Cape Fear Museum exhibit wins top prize

Liz Wood | Staff Writer

The Cape Fear Museum was recently presented with the Southeastern Museums Conference Award of Excellence for an exhibit that took over five years to complete and had a budget of over $100,000.

The Land of the Longleaf Pine, which was opened to the public on April 2, is an interactive exhibit that allows viewers to truly experience life as it was in the lower Cape Fear region from its earliest history through the Revolutionary War. The 2,400-square-foot exhibit provides the opportunity for hands-on learning through exploring Native American artifacts, learning about the routes for Colonial trade on a giant map and discovering ancestry of past Wilmington residents.

Some of the highlights of the museum include exploring the ecology of the long leaf pine forest and how it has shaped the region, learning how the long leaf pine was used by naval merchants for manufacturing forest products, investigating consumer products in a typical colonial general store, and gaining a deeper understanding about the daily lives of people who lived in our area.

According to Cape Fear Museum Director Ruth Haas, the Land of the Longleaf Pine exhibit was set apart by the culmination of several years of research that puts a different perspective on the understanding of the Lower Cape Fear.

“It elegantly weaves history and science together, which allows our visitors to appreciate the on-going interaction between people and the environment,” said Haas.

Janet Davidson, the Museum Historian, led the research team that developed the exhibit.

“We spent years studying the history of the region; poring over account books, reading letters, examining household inventories and exploring customs records in order to get a better understanding of the region’s diverse history,” said Davidson. The reports the team wrote turned into the labels and interactive elements that are currently on display in the gallery.

According to Davidson, her favorite setting is the colonial store because it “evokes the rich consumer culture of the time, and I think it helps visitors understand that Wilmington was a conduit of trade.” The store is based on a description of a merchant store that existed on Front Street.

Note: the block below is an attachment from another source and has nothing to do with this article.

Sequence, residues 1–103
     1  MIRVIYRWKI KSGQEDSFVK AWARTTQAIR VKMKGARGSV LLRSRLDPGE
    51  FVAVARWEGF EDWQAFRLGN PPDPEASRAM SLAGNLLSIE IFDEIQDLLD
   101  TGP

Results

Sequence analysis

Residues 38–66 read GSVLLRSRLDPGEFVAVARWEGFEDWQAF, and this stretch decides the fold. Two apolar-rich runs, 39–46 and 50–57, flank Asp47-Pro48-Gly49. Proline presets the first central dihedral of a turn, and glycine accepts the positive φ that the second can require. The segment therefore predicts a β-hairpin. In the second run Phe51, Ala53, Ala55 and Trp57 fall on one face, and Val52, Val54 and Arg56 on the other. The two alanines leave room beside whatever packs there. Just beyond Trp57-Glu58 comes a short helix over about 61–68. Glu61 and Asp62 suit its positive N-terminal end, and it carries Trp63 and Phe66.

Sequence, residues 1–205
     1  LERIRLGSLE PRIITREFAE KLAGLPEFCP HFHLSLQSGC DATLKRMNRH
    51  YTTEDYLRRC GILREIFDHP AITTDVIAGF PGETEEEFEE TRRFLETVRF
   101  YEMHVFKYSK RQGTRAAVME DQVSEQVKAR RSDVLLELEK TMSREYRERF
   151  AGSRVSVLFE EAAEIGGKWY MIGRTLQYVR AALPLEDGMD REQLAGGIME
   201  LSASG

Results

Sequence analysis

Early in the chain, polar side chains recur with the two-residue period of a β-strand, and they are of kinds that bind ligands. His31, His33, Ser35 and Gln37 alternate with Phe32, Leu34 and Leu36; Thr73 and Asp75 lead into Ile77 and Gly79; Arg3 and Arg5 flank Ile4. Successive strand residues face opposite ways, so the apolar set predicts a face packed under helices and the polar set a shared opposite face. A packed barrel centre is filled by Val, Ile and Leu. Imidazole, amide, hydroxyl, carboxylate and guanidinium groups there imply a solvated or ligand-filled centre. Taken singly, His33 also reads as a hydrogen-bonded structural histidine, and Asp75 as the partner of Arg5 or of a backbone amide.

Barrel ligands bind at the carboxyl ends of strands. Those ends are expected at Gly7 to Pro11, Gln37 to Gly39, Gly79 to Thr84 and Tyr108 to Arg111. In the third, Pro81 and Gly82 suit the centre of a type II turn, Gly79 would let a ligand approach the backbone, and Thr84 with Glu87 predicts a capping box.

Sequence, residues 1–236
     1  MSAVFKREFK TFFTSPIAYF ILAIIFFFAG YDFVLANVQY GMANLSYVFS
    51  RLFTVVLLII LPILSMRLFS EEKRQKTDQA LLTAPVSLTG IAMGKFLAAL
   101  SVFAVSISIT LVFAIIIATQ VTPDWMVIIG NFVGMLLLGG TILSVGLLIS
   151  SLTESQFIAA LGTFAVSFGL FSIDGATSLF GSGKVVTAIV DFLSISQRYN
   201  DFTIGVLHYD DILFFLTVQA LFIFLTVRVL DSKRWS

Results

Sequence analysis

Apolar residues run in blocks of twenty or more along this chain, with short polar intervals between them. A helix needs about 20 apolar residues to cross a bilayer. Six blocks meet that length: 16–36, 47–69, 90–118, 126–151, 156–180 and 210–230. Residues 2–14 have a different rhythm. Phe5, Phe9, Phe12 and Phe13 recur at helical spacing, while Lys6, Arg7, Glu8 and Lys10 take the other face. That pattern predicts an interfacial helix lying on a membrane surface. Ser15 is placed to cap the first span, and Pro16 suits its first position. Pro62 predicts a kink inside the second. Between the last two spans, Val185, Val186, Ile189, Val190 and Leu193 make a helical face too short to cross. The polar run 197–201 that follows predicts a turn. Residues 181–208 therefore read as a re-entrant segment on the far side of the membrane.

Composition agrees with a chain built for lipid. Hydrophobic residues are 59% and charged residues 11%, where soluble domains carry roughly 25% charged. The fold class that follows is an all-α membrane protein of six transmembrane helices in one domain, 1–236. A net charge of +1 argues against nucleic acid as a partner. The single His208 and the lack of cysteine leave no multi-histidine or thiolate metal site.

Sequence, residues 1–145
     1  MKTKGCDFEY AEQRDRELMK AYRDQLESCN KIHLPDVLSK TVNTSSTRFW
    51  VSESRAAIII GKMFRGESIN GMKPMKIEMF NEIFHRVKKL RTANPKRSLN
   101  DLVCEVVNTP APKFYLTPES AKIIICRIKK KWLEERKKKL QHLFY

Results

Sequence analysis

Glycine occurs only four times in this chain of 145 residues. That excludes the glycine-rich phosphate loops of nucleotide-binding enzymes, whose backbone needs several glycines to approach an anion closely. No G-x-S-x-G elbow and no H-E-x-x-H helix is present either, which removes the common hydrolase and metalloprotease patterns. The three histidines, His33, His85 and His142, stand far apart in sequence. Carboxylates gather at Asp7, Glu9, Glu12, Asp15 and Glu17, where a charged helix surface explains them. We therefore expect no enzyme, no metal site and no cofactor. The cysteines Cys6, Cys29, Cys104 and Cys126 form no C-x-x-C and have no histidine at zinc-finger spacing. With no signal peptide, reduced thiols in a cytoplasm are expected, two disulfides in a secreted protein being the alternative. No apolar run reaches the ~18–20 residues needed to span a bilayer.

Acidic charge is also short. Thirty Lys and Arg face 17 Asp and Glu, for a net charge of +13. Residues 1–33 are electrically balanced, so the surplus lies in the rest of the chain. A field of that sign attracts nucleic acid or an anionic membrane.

“My favorite artifact turned out to be one of the smallest in the exhibition— a pie shaped coin known as a piece of eight,” said Davidson.

This exhibit was largely made possible by a Museums for America Grant from the Institute for Museums and Library Services. At a cost of about $500,000, the exhibit was the largest project the Museum had undergone since the 1991 expansion. According to Haas, this grant allowed the museum to create state-of-the-art exhibit elements such as interactive components, environmental settings and special sound and light effects.

“The IMLS grant allowed us to hire a design and fabrication firm and gave us the opportunity to enrich the visitor experience,” said Haas.

The award was not only rewarding for the Cape Fear Museum staff but also for the independent donors who supported the exhibit.

“When we share an award like this with our donors and sponsors, it confirms that their investments are worthwhile —that their support adds high-quality experiences to the community,” said Haas.

I was very pleased that we won the award,” said Davidson.  “There are a lot of excellent museums in the Southeast, and we’re proud to have our peers recognize the quality of Cape Fear Museum’s historical interpretation.”